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      Abbreviated rules   07/28/2017

      Underdawg did an excellent job of explaining the rules.  Here's the simplified version: Don't insinuate Pedo.  Warning and or timeout for a first offense.  PermaFlick for any subsequent offenses Don't out members.  See above for penalties.  Caveat:  if you have ever used your own real name or personal information here on the forums since, like, ever - it doesn't count and you are fair game. If you see spam posts, report it to the mods.  We do not hang out in every thread 24/7 If you see any of the above, report it to the mods by hitting the Report button in the offending post.   We do not take action for foul language, off-subject content, or abusive behavior unless it escalates to persistent stalking.  There may be times that we might warn someone or flick someone for something particularly egregious.  There is no standard, we will know it when we see it.  If you continually report things that do not fall into rules #1 or 2 above, you may very well get a timeout yourself for annoying the Mods with repeated whining.  Use your best judgement. Warnings, timeouts, suspensions and flicks are arbitrary and capricious.  Deal with it.  Welcome to anarchy.   If you are a newbie, there are unwritten rules to adhere to.  They will be explained to you soon enough.  

dcnblues

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About dcnblues

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    Member

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  • Location
    SF bay area
  • Interests
    Cats (Gunboat), tri's (Corsair 37)
  1. Gunboat 68

    I do have a question re hull shapes. The original 62 was a fairly straightforward tube, and shots of the wake at speed showed the water reuniting from a distinct shape of the hull's passage. The new hull looks more hydrodynamic, if that's the appropriate word. I assume the smoother the wake, the less drag and greater efficiency and greater speed benefit. The shape is designed in the computer, right? Can you talk about any of the improvements of the past, say, five years? Thank you.
  2. By the way, Chris White also wrote a book about catamaran design (it's basically the thoughts behind the design of his 55'), and it's a very informative and easy to read primer on cats. Highly recommended. He considers things which you won't find on newer designs, like skegs on the bottom of the hulls that reduce top speed, but allow you to beach the boat at high tide, and when the tide goes out, clean / scrape / paint the bottom, or do maintenance on props, etc. If one is on a budget, haul-outs can really look prohibitive depending on how diligent the owner wants to be. His book is an education, I promise. A taste can be found here: Atlantic Cat faq One the other end of the spectrum, do keep reading and doing research. The big boat shows are great places to ask questions and find what you're really looking for. But there are also youtube channels which are highly educational about life on board. I'm a fan of 'Sailing La Vagabonde,' and around episode 55 they get a state of the art Outremer 45: We're getting a Catamaran! You can find out a lot about costs, etc. (In another thread on this forum, it was generally agreed that one should budget about 10% of the cost of the boat to live and sail on it, per year. That's sobering.) I also like the strategy of doing some research, finding a boatyard you like, and buying a used / distressed boat for 1/10th the price of a new one, and then re-fitting it with your own specs, equipement, etc. Making it yours, and with new parts and paint it'll feel like a new boat. And, with decent project management, you'll be able to save some money to put toward the cruising budget.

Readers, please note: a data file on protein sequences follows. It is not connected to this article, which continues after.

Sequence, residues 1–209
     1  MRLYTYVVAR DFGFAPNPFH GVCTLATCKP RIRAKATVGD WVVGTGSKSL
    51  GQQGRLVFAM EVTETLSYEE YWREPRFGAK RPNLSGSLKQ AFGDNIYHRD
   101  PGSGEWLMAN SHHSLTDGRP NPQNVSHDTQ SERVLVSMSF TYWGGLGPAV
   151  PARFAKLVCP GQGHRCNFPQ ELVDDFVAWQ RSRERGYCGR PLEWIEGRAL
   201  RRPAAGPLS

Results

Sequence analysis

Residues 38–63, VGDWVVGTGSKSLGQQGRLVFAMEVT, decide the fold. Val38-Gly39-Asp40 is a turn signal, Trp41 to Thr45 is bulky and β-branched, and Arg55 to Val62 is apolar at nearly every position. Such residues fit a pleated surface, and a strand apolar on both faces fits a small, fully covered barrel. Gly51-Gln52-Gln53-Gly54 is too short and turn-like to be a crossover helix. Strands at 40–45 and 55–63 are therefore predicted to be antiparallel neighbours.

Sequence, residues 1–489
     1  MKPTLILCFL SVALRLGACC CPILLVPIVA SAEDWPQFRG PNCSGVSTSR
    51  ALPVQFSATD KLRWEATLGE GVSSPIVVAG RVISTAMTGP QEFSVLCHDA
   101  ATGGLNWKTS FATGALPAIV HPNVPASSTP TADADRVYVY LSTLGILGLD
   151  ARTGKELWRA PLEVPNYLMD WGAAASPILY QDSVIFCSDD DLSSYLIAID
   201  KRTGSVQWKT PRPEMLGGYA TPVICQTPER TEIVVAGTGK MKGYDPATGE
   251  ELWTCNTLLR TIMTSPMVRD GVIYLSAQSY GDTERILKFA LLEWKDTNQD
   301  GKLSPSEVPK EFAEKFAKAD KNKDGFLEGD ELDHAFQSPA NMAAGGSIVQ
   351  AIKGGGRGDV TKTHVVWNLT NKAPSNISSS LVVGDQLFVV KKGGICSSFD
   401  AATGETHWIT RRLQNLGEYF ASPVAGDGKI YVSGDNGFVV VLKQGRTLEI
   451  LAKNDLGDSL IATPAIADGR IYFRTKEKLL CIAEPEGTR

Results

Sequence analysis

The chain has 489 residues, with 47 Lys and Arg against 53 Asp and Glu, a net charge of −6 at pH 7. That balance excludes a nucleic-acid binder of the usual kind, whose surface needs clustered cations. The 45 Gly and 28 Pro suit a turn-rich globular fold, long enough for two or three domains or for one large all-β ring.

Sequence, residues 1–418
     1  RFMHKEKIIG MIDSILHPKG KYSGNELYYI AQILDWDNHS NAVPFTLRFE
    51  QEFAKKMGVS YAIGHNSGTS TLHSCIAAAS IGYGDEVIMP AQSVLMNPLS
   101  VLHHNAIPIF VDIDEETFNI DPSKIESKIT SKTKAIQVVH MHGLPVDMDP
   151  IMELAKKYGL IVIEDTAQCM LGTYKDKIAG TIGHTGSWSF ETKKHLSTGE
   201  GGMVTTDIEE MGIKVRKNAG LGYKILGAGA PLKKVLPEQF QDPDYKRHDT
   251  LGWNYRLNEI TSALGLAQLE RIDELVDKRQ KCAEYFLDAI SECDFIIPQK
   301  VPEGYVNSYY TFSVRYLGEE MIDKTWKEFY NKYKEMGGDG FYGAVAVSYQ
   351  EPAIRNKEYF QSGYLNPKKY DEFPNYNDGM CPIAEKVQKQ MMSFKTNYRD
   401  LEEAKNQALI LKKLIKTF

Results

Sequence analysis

3. Caribbean 600

    Yeah, but aren't you running into a cube-squared law with the materials science that doesn't scale? When you're making boats the size and mass of dinosaurs, insect exoskeleton technology doesn't apply. *(not a materials engineer either, and happy to be corrected).
  4. Caribbean 600

    Drastically high boom / CE / CM too! What's that ratio called in naval architecture?
  5. Caribbean 600

    The physics just doesn't convince me. When some technology comes along that replaces stays on construction cranes, then maybe. Until then, the leverage of wires looks unbeatable to me. (Although the argument about aircraft spars is a good one. I'm guessing that aircraft speeds / drag over time cost too much fuel to keep wires as part of the design if you don't have to. Not such a big deal under sail).
  6. Gunboat 68

    Excellent! Thank you! Keep the sexy images coming (with that hull it's hard to go wrong, but the photographer does seem experienced at picking good angles)! Do remember that many of us are upgrading our computer monitors to higher resolutions, so give us these pics in as high a resolution as possible please! Many thanks!
  7. Gunboat 68

    Yes, thanks for the info, comments, answers, and pics. I hope your replacement posts here as well...
  8. Gunboat 68

    I WOULD MAKE IT WORK!!! GODDAMM is that a sexy image of the hull(s)! I am beyond obsessed. *edit: I would make it work with a mug of hot chocolate in my hand, Steely Dan cranking on the soundsystem, and my pulse as low and slow as a purring kitten. The boat is already hardwired for remote control, so why not have a remote in hand for joystick docking from the foredeck? (Come to think of it though, it's probable the throttle linkages are mechanical and not fly by wire, so I'd pay a couple of geeks to install supplemental remote control throttle servos in the engine bays, and program a nice handheld remote).